LangChain and LlamaIndex are popular libraries that target high-level application development with LMs. They offer many _batteries-included_, pre-built application modules that plug in with your data or configuration. In practice, indeed, many usecases genuinely _don't need_ any special components. If you'd be happy to use someone's generic, off-the-shelf prompt for question answering over PDFs or standard text-to-SQL as long as it's easy to set up on your data, then you will probably find a very rich ecosystem in these libraries.

Unlike these libraries, **DSPy** doesn't internally contain hand-crafted prompts that target specific applications you can build. Instead, **DSPy** introduces a very small set of much more powerful and general-purpose modules _that can learn to prompt (or finetune) your LM within your pipeline on your data_.

**DSPy** offers a whole different degree of modularity: when you change your data, make tweaks to your program's control flow, or change your target LM, the **DSPy compiler** can map your program into a new set of prompts (or finetunes) that are optimized specifically for this pipeline. Because of this, you may find that **DSPy** obtains the highest quality for your task, with the least effort, provided you're willing to implement (or extend) your own short program. In short, **DSPy** is for when you need a lightweight but automatically-optimizing programming model — not a library of predefined prompts and integrations.

If you're familiar with neural networks:
> This is like the difference between PyTorch (i.e., representing **DSPy**) and HuggingFace Transformers (i.e., representing the higher-level libraries). If you simply want to use off-the-shelf `BERT-base-uncased` or `GPT2-large` or apply minimal finetuning to them, HF Transformers makes it very straightforward. If, however, you're looking to build your own architecture (or extend an existing one significantly), you have to quickly drop down into something much more modular like PyTorch. Luckily, HF Transformers _is_ implemented in backends like PyTorch. We are similarly excited about high-level wrapper around **DSPy** for common applications. If this is implemented using **DSPy**, your high-level application can also adapt significantly to your data in a way that static prompt chains won't. Please [open an issue](https://github.com/stanfordnlp/dspy/issues/new) if this is something you want to help with.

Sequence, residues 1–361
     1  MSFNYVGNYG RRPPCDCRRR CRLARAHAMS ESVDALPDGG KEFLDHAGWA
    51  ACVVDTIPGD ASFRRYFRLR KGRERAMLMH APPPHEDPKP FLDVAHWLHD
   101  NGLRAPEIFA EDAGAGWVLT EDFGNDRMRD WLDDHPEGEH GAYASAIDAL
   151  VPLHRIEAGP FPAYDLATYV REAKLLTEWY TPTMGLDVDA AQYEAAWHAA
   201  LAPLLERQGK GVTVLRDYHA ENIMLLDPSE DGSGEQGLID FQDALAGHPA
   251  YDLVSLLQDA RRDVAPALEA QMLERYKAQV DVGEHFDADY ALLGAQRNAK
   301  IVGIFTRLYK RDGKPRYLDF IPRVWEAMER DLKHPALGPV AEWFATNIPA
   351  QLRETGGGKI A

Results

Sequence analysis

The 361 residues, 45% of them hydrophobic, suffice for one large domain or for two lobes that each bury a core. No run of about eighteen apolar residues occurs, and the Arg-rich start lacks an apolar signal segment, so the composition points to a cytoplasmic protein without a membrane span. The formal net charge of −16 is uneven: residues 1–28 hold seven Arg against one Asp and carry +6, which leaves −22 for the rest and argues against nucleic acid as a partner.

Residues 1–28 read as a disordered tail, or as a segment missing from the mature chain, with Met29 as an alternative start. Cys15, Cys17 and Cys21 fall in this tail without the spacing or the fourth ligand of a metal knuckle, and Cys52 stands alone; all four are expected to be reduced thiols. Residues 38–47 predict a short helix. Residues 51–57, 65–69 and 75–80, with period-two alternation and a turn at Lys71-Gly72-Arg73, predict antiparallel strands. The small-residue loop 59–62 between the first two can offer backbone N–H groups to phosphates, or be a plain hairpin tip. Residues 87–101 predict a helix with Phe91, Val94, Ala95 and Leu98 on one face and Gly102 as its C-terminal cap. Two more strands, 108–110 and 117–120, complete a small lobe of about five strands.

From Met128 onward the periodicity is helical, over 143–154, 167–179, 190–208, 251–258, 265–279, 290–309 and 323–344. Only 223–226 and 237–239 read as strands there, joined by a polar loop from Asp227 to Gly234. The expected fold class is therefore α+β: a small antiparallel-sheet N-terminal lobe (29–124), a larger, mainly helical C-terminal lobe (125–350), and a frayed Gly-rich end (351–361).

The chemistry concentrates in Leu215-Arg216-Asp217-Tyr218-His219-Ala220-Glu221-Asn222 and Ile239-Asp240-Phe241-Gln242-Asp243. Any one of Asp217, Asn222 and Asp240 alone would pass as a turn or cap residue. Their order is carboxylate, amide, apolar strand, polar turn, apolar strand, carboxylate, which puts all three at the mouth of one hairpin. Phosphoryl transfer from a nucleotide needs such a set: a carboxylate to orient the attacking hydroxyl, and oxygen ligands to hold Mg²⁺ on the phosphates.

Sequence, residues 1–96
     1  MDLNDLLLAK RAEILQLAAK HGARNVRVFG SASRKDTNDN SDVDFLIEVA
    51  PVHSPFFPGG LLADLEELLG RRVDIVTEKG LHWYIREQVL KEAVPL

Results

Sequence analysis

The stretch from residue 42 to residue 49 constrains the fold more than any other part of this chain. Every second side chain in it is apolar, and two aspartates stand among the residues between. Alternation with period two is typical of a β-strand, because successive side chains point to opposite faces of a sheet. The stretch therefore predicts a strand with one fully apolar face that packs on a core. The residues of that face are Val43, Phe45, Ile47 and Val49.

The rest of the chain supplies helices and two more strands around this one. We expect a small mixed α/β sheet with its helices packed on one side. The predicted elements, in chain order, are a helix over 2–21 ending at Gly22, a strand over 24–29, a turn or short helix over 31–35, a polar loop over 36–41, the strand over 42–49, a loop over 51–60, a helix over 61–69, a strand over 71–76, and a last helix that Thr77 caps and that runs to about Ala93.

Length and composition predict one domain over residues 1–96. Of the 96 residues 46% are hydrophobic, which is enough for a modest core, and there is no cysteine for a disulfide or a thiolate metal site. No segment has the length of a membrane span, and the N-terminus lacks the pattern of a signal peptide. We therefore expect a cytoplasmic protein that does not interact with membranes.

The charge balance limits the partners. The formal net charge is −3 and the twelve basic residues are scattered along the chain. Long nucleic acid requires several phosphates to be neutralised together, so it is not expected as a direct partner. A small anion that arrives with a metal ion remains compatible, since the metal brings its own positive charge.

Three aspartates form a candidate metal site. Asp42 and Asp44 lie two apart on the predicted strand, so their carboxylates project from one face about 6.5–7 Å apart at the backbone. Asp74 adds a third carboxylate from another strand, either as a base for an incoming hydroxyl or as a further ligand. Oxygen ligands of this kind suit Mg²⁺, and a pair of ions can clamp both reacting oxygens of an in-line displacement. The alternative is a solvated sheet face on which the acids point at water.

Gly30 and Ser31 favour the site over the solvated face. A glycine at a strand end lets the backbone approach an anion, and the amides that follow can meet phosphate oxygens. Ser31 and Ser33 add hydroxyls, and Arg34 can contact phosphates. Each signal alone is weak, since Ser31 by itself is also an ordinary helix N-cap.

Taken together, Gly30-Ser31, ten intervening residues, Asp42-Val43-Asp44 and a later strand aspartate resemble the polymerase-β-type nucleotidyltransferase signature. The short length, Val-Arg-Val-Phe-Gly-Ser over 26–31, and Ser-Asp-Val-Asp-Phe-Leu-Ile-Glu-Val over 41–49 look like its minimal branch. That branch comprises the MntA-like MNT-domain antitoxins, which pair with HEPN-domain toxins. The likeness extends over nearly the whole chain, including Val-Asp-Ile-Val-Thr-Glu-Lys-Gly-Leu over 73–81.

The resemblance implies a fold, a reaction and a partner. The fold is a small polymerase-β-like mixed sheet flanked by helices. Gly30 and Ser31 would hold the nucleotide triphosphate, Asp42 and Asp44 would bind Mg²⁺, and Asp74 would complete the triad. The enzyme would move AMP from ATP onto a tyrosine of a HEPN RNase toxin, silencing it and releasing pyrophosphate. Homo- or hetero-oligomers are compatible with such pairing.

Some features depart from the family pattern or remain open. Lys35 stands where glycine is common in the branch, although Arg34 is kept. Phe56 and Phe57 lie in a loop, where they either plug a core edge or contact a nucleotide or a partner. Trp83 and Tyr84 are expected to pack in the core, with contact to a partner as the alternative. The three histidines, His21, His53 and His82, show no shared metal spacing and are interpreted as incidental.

</details>


####
<details>
  <summary><h4 style="display: inline">[5.c] DSPy vs. generation control libraries like Guidance, LMQL, RELM, Outlines</h4></summary>


Guidance, LMQL, RELM, and Outlines are all exciting new libraries for controlling the individual completions of LMs, e.g., if you want to enforce JSON output schema or constrain sampling to a particular regular expression.

This is very useful in many settings, but it's generally focused on low-level, structured control of a single LM call. It doesn't help ensure the JSON (or structured output) you get is going to be correct or useful for your task.

In contrast, **DSPy** automatically optimizes the prompts in your programs to align them with various task needs, which may also include producing valid structured ouputs. That said, we are considering allowing **Signatures** in **DSPy** to express regex-like constraints that are implemented by these libraries.
</details>

## Testing

To run the tests, you need to first clone the repository.

Then install the package through poetry:
Note - You may need to 

```bash
poetry install --with test
```

Then run the all tests, or a specific test suite, with the following commands:

```bash
poetry run pytest
poetry run pytest tests/PATH_TO_TEST_SUITE
```

## Contribution Quickstart

See [CONTRIBUTING.md](CONTRIBUTING.md) for a quickstart guide to contributing to DSPy.

## Contributors & Acknowledgements

**DSPy** is led by **Omar Khattab** at Stanford NLP with **Chris Potts** and **Matei Zaharia**.

Key contributors and team members include **Arnav Singhvi**, **Krista Opsahl-Ong**, **Michael Ryan**, **Karel D'Oosterlinck**, **Shangyin Tan**, **Manish Shetty**, **Paridhi Maheshwari**, **Keshav Santhanam**, **Sri Vardhamanan**, **Eric Zhang**, **Hanna Moazam**, **Thomas Joshi**, **Saiful Haq**, **Ashutosh Sharma**, and **Herumb Shandilya**.

**DSPy** includes important contributions from **Rick Battle** and **Igor Kotenkov**. It reflects discussions with **Peter Zhong**, **Haoze He**, **Lisa Li**, **David Hall**, **Ashwin Paranjape**, **Heather Miller**, **Chris Manning**, **Percy Liang**, and many others.

The **DSPy** logo is designed by **Chuyi Zhang**.


## 📜 Citation & Reading More